Suppose you own 50,000 shares of common stock in a firm with 2.5 million total shares outstanding. The firm announces a plan to sell an additional 1 million shares through a rights offering. The market value of the stock is $ 35 before the rights offering and the new shares are being offered to existing shareholders at a $ 5

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Suppose you own 50,000 shares of common stock in a firm with 2.5 million total shares outstanding. The firm announces a plan to sell an additional 1 million shares through a rights offering. The market value of the stock is $ 35 before the rights offering and the new shares are being offered to existing shareholders at a $ 5 discount.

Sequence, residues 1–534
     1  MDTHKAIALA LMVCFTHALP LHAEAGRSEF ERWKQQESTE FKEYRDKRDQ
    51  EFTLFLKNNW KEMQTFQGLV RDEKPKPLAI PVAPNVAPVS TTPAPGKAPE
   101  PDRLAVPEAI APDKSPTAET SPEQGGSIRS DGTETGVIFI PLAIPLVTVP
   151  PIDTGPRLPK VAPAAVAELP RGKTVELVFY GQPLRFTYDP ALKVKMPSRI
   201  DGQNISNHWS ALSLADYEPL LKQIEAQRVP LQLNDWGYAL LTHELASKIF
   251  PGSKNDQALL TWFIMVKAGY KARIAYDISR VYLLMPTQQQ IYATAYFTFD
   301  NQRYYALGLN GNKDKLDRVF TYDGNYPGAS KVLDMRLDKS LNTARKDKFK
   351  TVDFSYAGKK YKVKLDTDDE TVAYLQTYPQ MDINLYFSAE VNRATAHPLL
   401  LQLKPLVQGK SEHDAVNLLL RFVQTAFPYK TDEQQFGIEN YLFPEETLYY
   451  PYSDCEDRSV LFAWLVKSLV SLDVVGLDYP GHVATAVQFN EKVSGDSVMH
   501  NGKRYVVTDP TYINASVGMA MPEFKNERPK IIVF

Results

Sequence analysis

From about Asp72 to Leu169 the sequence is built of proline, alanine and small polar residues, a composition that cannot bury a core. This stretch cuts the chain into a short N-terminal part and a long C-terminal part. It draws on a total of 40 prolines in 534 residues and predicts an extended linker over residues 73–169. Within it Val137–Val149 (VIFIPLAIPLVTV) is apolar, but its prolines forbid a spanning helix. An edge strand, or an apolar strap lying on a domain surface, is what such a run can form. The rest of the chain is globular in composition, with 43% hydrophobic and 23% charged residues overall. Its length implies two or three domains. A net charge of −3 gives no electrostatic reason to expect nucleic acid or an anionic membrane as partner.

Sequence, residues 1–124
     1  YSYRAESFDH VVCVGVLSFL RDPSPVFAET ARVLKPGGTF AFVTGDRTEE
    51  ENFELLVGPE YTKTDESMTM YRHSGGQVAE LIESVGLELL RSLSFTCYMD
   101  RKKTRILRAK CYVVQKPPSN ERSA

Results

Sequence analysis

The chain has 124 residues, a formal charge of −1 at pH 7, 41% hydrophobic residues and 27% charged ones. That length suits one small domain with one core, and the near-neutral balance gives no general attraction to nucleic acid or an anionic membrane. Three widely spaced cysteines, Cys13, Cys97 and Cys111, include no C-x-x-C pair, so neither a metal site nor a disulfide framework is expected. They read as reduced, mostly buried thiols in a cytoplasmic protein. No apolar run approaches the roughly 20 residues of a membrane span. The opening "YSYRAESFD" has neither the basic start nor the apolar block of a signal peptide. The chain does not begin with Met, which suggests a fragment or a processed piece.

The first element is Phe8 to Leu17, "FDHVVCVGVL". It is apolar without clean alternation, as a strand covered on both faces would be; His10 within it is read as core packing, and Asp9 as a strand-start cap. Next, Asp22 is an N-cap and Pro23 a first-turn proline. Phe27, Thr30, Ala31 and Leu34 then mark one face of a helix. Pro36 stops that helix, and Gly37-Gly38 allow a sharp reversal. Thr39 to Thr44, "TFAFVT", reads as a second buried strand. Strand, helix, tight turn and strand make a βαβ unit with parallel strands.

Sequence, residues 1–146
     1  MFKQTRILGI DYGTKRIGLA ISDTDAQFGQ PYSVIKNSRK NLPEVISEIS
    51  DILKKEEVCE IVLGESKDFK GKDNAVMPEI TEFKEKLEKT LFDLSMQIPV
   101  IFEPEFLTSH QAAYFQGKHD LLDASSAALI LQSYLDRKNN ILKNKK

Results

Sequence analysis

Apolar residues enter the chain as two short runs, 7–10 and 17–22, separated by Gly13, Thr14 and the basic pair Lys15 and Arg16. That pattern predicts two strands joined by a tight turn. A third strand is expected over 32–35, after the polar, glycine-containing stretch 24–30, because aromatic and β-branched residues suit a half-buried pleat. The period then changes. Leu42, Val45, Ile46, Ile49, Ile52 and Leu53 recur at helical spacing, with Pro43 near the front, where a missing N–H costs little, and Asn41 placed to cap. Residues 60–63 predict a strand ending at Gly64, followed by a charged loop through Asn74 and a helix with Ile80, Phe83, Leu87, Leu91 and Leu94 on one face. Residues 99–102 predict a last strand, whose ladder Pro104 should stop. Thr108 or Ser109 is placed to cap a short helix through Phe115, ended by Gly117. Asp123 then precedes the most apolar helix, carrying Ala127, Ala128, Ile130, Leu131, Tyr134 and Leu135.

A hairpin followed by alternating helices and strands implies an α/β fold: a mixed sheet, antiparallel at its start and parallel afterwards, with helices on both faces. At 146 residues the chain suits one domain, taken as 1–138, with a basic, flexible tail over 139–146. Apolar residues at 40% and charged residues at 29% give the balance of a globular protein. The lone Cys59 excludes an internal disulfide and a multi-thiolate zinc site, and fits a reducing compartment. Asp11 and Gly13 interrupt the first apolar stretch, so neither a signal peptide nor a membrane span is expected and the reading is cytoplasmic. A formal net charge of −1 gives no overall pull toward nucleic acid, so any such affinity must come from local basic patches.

a. If you exercise your preemptive rights, how many of the new shares can you purchase?
b. What is the market value of the stock after the rights offering?
c. What is your total investment in the firm after the rights offering? How is your investment split between original shares and new shares?
d. If you decide not to exercise your preemptive rights, what is your investment in the firm after the rights offering? How is this split between old shares and rights?

Common Stock
Common stock is an equity component that represents the worth of stock owned by the shareholders of the company. The common stock represents the par value of the shares outstanding at a balance sheet date. Public companies can trade their stocks on...
Related Book For answer-question

Financial Markets and Institutions

6th edition

Authors: Anthony Saunders, Marcia Cornett

ISBN: 978-0077861667